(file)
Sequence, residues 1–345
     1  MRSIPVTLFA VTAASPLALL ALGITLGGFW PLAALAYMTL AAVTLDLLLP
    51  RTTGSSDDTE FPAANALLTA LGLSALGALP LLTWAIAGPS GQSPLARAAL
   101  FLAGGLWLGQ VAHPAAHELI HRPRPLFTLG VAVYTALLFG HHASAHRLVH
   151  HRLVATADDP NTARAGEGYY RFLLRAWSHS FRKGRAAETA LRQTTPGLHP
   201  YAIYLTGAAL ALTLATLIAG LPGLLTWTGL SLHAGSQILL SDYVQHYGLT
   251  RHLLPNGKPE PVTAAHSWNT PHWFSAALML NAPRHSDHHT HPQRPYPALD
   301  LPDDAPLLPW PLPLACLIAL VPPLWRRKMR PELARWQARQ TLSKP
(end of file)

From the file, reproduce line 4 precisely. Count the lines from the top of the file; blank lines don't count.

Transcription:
   101  FLAGGLWLGQ VAHPAAHELI HRPRPLFTLG VAVYTALLFG HHASAHRLVH